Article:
Observing that mere possession of counterfeit notes cannot be termed as an offence and prosecution is required to prove that the person had knowledge that the notes were fake, the Bombay High Court has set aside the conviction and five year sentence awarded to a man.
Justice Anuja Prabhudessai was hearing an appeal filed by one Munshi Mohammed Shaikh challenging a sessions court order of October 2013, convicting him under sections 489 (b) and 489 (c) of IPC for possession of counterfeit notes and sentencing him to five years in jail.
According to the prosecution, on December 19, 2011, Shaikh went to suburban Kurla branch of Punjab National Bank to deposit Rs. 9,500 cash. He handed 17 Rs. 500 notes and one Rs. 1,000 note to the cashier.
The cashier upon examination suspected that some of the notes were counterfeit and asked the accused to wait at the counter and went to the bank manager, who confirmed that the notes were counterfeit.
However, when they came out the accused was not there following which they lodged a complaint. By the time the police arrived, the accused came back and was arrested.
The High Court, after perusing the facts and evidence of the case, was of the opinion that the prosecution had not adduced any evidence to prove that the accused had knowledge or that he had reason to believe that the notes were counterfeit.
“It is crystal clear that in order to prove the ingredients of the offences under section 489 (b) and 489 (c), the prosecution is not only required to prove mere use or possession of counterfeit notes as genuine but the prosecution is also required to prove that the accused had knowledge or that he had reason to believe that the said notes were forged or counterfeit,” the court said recently.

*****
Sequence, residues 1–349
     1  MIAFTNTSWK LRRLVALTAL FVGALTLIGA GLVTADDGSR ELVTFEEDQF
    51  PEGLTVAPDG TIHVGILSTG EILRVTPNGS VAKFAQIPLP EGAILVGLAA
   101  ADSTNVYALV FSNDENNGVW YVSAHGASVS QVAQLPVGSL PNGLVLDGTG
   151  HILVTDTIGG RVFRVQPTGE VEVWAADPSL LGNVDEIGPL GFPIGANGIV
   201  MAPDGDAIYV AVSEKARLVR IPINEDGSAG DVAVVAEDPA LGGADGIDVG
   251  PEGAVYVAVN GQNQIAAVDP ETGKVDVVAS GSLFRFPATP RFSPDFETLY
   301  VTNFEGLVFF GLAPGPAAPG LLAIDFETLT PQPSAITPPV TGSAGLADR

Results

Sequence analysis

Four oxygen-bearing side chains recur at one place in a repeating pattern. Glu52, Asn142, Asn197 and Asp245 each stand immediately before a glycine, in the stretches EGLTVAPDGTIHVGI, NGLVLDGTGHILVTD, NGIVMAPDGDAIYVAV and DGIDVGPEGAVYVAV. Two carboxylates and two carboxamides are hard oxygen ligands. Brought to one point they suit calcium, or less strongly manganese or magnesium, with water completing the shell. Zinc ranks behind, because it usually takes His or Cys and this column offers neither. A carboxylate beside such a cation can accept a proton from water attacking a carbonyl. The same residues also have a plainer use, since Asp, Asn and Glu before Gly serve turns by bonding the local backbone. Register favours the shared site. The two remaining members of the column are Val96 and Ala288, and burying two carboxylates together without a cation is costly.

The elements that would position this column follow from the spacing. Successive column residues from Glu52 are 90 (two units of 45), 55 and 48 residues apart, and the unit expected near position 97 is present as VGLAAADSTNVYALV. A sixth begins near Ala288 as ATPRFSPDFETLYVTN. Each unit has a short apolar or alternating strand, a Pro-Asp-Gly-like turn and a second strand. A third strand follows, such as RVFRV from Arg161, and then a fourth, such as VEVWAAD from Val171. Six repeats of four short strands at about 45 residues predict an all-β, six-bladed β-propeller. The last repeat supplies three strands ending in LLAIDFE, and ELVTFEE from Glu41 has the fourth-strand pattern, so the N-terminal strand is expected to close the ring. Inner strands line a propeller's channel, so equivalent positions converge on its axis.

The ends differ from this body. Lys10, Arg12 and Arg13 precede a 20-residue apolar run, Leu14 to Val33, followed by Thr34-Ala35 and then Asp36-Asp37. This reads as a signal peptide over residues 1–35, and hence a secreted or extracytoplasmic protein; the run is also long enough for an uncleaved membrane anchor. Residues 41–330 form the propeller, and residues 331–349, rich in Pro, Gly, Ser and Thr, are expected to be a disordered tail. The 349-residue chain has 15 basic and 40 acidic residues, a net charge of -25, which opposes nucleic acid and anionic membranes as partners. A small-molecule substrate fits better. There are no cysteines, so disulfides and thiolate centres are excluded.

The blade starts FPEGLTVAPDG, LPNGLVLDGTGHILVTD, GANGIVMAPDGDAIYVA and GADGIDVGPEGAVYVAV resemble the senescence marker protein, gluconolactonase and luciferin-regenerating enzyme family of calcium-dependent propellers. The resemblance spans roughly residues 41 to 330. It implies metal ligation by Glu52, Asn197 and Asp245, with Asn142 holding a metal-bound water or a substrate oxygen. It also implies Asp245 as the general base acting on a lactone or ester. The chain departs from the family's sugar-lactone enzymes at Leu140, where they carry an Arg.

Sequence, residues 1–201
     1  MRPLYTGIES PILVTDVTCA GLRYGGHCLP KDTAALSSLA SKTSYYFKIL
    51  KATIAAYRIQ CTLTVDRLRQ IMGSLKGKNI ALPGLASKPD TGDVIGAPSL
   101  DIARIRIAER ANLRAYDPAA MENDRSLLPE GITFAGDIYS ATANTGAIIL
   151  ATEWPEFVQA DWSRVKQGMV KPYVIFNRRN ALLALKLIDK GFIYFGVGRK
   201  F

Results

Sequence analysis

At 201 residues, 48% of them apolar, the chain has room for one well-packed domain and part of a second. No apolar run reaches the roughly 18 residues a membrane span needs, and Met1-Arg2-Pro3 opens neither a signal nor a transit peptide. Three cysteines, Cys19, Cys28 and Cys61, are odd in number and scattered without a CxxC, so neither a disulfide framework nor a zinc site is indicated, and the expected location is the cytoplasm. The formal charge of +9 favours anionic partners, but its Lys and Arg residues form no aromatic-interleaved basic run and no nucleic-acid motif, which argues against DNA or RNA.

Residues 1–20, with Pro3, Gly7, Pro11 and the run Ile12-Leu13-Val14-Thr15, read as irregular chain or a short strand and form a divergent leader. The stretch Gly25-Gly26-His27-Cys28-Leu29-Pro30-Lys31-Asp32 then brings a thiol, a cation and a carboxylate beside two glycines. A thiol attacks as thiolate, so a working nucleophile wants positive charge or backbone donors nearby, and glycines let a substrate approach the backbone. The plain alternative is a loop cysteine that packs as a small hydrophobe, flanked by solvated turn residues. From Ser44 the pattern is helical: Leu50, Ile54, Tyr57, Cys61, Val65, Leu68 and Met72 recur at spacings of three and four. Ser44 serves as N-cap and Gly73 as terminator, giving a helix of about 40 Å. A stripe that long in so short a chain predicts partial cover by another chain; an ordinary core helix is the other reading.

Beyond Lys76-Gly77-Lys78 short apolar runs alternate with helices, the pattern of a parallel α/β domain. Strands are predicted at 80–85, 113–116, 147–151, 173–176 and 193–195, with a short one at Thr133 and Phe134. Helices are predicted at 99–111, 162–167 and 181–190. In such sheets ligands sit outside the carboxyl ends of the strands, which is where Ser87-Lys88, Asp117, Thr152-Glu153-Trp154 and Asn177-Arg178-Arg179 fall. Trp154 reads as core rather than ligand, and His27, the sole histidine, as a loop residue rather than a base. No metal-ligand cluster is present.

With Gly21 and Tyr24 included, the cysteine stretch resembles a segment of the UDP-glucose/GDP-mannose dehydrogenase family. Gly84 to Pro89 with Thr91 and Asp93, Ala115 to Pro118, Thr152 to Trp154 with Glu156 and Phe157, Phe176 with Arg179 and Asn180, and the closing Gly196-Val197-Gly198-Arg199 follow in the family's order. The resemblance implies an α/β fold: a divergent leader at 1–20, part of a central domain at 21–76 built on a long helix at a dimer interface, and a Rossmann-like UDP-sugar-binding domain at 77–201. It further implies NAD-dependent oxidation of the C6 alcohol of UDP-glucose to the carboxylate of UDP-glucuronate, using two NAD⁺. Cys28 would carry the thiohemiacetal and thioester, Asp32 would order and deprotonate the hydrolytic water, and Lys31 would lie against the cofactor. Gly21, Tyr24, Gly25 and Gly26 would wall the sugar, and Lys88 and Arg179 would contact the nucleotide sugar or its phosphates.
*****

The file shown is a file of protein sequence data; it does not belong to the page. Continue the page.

“The evidence adduced by the prosecution does not indicate that the colour and texture of the notes were different or that the difference was so apparent that a mere look at the notes would convince a lay man that it was counterfeit. In the absence of any such evidence, it cannot be presumed that the accused had knowledge that the notes were fake,” Justice Prabhudessai said.
The court also took note of the fact that the accused came back to the bank and did not flee when the cashier told him about his suspicion.
The court set aside Shaikh’s conviction and ordered him to be release forthwith.